Apple’s HomePod is entering an already busy marketplace. Probably the most famous smart speaker is Amazon’s Echo, which runs the AI assistant Alexa. Because Amazon opened up its system for anyone to write software programs for it, Alexa now has over 25,000 specific capabilities or “skills” in its US version alone, up from 5,000 just over a year ago. It can now read out recipes, order a pizza, turn on the lights or tell jokes. Partly because it was the first major smart speaker released, Echo has a greater depth of capabilities than any of its rivals.
Google Home, which features the creatively named Google Assistant, can link to multiple Google accounts so you can check your calendar or manage reminders. But it also links to your Android phone so you can make calls through the speaker or view on a screen the results of internet searches you ask it to make.
Microsoft has partnered with electronics manufacturer Harman Kardon to create a speaker called Invoke powered by Microsoft’s Cortana assistant. It also allows you to check your calendar and reminders, as well as make Skype calls, but only for one Microsoft account. Its AI capabilities are also not nearly as developed as either Google Assistant or Amazon Alexa.
Apple is taking a different approach to its rivals, hoping to corner the higher end of the smart speaker market and encourage consumers to part with more money, as it has done very successfully with its other products. The HomePod delivers high quality sound using seven physical speakers arranged in a circle to create a virtual stereo effect, directing different parts of the sound in different directions.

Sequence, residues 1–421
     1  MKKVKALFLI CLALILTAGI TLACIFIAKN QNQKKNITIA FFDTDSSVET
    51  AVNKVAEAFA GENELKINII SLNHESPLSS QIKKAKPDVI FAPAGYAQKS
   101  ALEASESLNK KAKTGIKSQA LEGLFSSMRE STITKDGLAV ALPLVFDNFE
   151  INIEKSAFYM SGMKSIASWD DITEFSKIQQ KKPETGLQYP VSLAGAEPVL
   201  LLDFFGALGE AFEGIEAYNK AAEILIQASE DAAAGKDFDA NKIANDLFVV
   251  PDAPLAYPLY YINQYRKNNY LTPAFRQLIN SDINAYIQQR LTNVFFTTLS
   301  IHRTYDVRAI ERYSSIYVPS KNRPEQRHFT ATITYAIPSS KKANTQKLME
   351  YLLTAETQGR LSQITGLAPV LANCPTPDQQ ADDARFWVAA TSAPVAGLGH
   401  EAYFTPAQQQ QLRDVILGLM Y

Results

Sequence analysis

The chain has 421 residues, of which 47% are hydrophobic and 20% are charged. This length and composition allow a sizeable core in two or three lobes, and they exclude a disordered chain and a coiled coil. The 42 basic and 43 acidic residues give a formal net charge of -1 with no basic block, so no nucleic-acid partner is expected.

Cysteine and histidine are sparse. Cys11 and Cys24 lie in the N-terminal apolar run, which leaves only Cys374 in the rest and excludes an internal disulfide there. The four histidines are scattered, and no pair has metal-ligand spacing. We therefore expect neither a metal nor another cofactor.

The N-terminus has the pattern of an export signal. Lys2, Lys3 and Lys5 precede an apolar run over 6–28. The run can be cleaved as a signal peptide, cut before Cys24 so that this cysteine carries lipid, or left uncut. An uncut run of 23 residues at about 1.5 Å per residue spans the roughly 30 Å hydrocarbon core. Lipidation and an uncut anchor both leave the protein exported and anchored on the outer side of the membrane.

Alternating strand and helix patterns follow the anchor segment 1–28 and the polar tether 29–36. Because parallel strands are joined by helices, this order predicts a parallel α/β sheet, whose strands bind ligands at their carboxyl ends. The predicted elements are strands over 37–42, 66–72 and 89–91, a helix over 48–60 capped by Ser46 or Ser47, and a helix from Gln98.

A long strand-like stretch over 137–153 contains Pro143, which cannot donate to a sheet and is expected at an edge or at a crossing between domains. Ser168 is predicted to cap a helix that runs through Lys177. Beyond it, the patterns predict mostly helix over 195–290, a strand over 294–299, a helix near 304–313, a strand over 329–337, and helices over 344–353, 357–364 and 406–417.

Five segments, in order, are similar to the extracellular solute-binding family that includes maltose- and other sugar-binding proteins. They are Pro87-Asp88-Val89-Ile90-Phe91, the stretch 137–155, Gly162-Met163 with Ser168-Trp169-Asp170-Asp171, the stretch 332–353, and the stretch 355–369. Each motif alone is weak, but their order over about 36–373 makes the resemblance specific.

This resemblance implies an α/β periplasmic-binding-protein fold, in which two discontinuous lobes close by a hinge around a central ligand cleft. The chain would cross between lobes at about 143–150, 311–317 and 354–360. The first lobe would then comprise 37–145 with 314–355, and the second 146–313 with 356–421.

Virtual speaker. Apple
But HomePod isn’t really a smart speaker – not yet at least. Siri currently can’t deliver on one of those three most critical abilities, as it can only set one timer at a time. Overall it has far fewer skills than Alexa, Google Assistant or even Cortana and only works with a very small number of third-party apps.
It’s easy to assume that Apple’s technological and financial might will allow it to catch up. But the way its underlying system operates may not make it so easy. Google Assistant is available on all Android and iOS devices, as well as Chromebooks and third-party devices such as headphones. Cortana comes standard on Windows machines but it’s also available for download on Android and iOS.
Alexa is accessible through some third-party devices such as speakers (although to a lesser extent than Assistant or Cortana) and will soon be available on some Windows PCs. The most basic Amazon Echo speaker is also available for less than $40 (£40 in the UK), making it significantly cheaper than $349 HomePod. This means it is very easy for consumers to try an Echo out or even place multiple devices around their home, helping spread the technology more widely.
Apple’s Siri, on the other hand, is not available on any third-party devices. So while its rivals are spreading their AI into every corner of our lives, Apple is keeping it locked up in the company’s expensive products. And any software makers that are allowed into Apple’s walled garden have to custom develop their products for the underlying Apple platform but can’t even deploy them across all devices. Apple would need to mobilise a considerable number of developers to enlarge its capabilities beyond this.
The competition for voice-controlled smart devices has really only just begun, and smart homes will soon be followed by AI in our cars and offices. As such, each player has its own advantages. Amazon can get anything delivered to you. Google is already known for being able to answer almost any question and help you get from A to B. Microsoft products can be found in almost every workplace.
While these firms each want to become your assistant everywhere, Apple is betting instead on your love of sound quality. But getting the right answers matters to consumers – and at the moment it looks like Siri doesn’t even understand the questions. If Apple continues to stick to its closed system, it’s hard to see how it will ever start to win again.
Bettina Büchel, Professor of Strategy and Organisation, IMD Business School
This article was originally published on The Conversation. Read the original article.